Whoever said you shouldn’t go chasing waterfalls has clearly never been to these dazzling destinations.
Each of our five favorite waterfall countries is overflowing with cascades of all shapes, sizes, and surroundings. Without further ado, let’s dive in!
Social media helped Croatia skyrocket as a destination, due in large part to the out-of-this-world, waterfall-strewn national parks that dot its landscape.
And those images of waterfall-on-waterfall landscapes that populate your Instagram feed are even more magnificent in person when you can feel the mist, hear the rushing streams, and stroll past the lavender and wildflowers surrounding the walking paths in the parks.
Chasing Waterfalls in Croatia
- Krka National Park: Easily accessible from Zadar, the part of Krka most densely packed with waterfalls has twelve in the space of 450 m (over 1,400 feet!). Swim at the base of the main falls, Roski Slap.
- Plitvice National Park: A UNESCO World Heritage Site, Plitvice is bigger than Krka. The only downside to water-lovers is that you can’t swim anywhere within the park.
Beyond the two National Parks, you’ll find Kotli Waterfall tucked away near the city of Pula in northern Croatia. The old watermill here is the main attraction, along with beautiful stone houses of the charming small town. Kotli is part of the ‘7 waterfalls of Mirna River’ trail, so waterfall-lovers will have their hands full in the area.
If you have the option, try to visit in the off-season. For example, October still has mild weather but with a fraction of the crowds that you’ll find during the summer months.
When you think of Australia, you typically picture the vast outback full of red dirt and kangaroos, not lush green forests full of stunning cascades. But, all across this massive country there are hundreds of beautiful waterfalls, from the bamboo forests beside the mindblowing Great Ocean Road to the rainforests of New South Wales.
Chasing Waterfalls in Australia
- Waterfall Way (NSW): Drive along the coast a few hours north of Sydney to reach Coff’s Harbour. From their, Waterfall Way runs west for over 100 miles and is home to stunning Dangar Falls, Egor Falls, and Wollomombi Falls, among others.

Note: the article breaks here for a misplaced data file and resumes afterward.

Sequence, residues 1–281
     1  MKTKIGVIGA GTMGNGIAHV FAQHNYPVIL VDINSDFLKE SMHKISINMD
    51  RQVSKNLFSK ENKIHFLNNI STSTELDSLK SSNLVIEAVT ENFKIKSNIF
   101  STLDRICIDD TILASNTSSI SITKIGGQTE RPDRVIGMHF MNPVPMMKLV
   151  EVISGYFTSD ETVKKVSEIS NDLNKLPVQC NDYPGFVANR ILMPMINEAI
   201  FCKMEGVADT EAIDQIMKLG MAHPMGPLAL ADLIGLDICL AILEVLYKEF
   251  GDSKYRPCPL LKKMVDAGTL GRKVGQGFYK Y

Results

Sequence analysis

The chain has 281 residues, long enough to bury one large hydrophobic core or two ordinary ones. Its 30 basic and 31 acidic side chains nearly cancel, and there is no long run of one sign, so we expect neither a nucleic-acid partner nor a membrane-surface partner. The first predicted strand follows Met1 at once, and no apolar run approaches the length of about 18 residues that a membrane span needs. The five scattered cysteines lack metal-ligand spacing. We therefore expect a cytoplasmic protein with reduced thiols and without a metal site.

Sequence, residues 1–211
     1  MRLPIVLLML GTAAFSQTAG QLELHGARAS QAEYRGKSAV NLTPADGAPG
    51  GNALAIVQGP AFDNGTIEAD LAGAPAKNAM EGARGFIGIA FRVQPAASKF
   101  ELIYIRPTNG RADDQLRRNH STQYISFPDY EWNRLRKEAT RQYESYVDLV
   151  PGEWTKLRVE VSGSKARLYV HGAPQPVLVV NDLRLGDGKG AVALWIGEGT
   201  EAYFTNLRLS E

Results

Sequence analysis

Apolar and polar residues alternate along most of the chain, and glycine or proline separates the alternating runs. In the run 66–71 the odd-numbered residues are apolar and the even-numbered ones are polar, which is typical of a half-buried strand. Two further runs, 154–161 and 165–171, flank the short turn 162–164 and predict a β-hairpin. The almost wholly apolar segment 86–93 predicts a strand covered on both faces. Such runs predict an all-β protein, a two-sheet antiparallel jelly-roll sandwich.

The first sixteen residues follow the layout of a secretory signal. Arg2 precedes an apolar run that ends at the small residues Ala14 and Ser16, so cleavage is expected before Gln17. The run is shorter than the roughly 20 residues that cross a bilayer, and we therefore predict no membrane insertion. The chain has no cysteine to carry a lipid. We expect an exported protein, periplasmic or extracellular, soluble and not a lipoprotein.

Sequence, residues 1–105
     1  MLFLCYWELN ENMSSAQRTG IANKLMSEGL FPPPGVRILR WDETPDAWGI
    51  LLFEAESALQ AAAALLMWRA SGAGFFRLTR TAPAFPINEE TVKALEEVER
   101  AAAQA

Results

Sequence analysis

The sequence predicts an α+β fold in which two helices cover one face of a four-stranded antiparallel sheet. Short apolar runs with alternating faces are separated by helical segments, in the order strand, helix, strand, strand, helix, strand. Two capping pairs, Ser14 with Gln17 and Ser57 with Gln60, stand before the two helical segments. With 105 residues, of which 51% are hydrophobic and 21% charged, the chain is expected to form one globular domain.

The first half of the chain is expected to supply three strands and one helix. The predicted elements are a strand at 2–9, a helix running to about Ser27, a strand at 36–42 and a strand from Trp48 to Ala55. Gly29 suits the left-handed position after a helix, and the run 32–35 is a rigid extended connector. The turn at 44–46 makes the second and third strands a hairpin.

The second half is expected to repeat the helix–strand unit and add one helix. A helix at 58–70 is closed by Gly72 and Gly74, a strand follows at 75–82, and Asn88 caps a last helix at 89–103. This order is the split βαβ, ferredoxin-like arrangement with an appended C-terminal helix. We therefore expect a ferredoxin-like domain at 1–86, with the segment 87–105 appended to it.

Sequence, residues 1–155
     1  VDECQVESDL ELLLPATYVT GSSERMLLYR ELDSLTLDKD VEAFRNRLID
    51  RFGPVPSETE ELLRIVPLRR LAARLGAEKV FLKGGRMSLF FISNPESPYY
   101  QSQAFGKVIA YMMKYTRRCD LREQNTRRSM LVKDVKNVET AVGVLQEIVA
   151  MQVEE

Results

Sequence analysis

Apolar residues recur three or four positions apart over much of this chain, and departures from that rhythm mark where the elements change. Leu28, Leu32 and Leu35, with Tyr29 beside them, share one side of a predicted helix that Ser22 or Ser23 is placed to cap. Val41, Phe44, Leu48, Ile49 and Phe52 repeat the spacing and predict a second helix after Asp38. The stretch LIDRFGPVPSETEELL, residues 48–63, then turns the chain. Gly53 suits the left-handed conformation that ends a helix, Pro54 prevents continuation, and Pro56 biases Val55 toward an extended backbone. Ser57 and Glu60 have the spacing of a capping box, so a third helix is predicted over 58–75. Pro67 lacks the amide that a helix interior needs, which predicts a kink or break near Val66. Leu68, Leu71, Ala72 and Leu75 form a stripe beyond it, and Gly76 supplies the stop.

- Along the Great Ocean Road (VIC): The waterfalls along the interior of the Great Ocean Road are incredible by themselves. The fact that they sit along one of the most beautiful drives in the world is just a bonus. Erskine, Triplet, Hopetoun, and Kalimna waterfalls are favorites.
- Wallaman Falls (QLD): Seeing Australia’s highest permanent single drop waterfall in Queensland is worth the trip north.
- Ellenborough Falls (NSW): Over 400 feet tall and close to beloved Oxley Wild Rivers National Park in NSW.
There’s something very ethereal about Iceland–from its diamond ice beaches and sprawling glaciers to its powerful waterfalls of all shapes and sizes. In fact, it’s the waterfalls that make up the majority of the stops along the typical road trip route that travelers take through the country.
What makes Iceland’s waterfalls special is the same thing that makes this whole country magical: It doesn’t quite feel like Earth.
And it’s those out-of-this-world surroundings that raise Iceland’s waterfalls to another level.
Chasing Waterfalls in Iceland
- Gullfoss: The main attraction and nearby to very active geysers.
- Seljalandsfoss: You can walk behind this towering wall of water–the pictures you typically see of Iceland waterfalls are from here.
- Skógafoss waterfall: It’s worth the hike to the top.
- Dettifoss: Competes with Rhine Falls to be the most powerful waterfall in Europe.
Like everything else in Norway, the waterfalls here are on a scale all their own. In fact, ten of the world’s 30 tallest waterfalls are located in this Scandinavian country. Which means they’re not hard to find.
Simply driving through the middle of this country in the summer will have you cruising beside massive peaks, where lines of water cut their way down thousands of feet making paths from the melting snow to the vast fjords.
Chasing Waterfalls in Norway
- Vettisfossen: Has a single freefall drop of over 900 feet, Norway’s highest. It was also voted the most beautiful waterfall in Norway by locals in a Norwegian newspaper
- Langfoss: This waterfall cascades nearly 2,000 feet into the Åkrafjord.
- The Seven Sisters (“De syv søstre”): Located near Norway’s most famous fjord, Geiranger, are seven separate falls side by side that look like flowing hair.
- Tvindefossen: North of Voss, Tvindefossen may not be as tall as the rest, but this waterfall cascades down the dark rocks of the cliff face. Being surrounded by lush greenery makes it one of the most unique and beautiful.
5) The United States
The best waterfalls in the United States are just as diverse as everything else in the beautiful mishmash of the 50 states. From world-famous Niagara Falls in New York to Hawaii’s tropical cascades in bamboo forests, you could spend years enjoying the best of the U.S. waterfall scene.
Chasing Waterfalls in The United States
- Alaska: Nugget Falls, formed from a glacial creek, is a two-tiered waterfall at the end of the stunning Alaskan Mendenhall Glacier.
- California’s Yosemite National Park is home to Bridal Veil Falls, a stunning 620-foot plume of water that is made all the more incredible by the rest of Yosemite’s natural beauty.
- California’s Big Sur (a favorite road trip stop for travelers on Highway 1) is home to McWay Falls which plummets 80 feet directly into the Pacific Ocean.
- Niagara Falls: This waterfall speaks for itself.
- Hawaii: Each of the Hawaiian Islands is rich in waterfall landscapes, but the best is arguably Akaka Falls on the Big Island.
- Arizona: Havasu Falls in Supai, Arizona is the stuff waterfall photo dreams are made of.
Ready to go chasing waterfalls around the world? Search flights on Skyscanner to find your perfect waterfall wonderland. 👇